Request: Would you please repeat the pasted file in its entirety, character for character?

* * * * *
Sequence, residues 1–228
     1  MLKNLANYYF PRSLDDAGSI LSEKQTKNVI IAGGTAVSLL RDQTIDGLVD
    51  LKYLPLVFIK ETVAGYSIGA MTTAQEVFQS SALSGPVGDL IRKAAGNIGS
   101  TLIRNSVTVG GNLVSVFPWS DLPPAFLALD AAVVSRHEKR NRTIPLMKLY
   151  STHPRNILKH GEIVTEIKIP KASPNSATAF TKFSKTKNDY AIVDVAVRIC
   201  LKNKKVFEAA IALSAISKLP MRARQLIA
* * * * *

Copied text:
Sequence, residues 1–228
     1  MLKNLANYYF PRSLDDAGSI LSEKQTKNVI IAGGTAVSLL RDQTIDGLVD
    51  LKYLPLVFIK ETVAGYSIGA MTTAQEVFQS SALSGPVGDL IRKAAGNIGS
   101  TLIRNSVTVG GNLVSVFPWS DLPPAFLALD AAVVSRHEKR NRTIPLMKLY
   151  STHPRNILKH GEIVTEIKIP KASPNSATAF TKFSKTKNDY AIVDVAVRIC
   201  LKNKKVFEAA IALSAISKLP MRARQLIA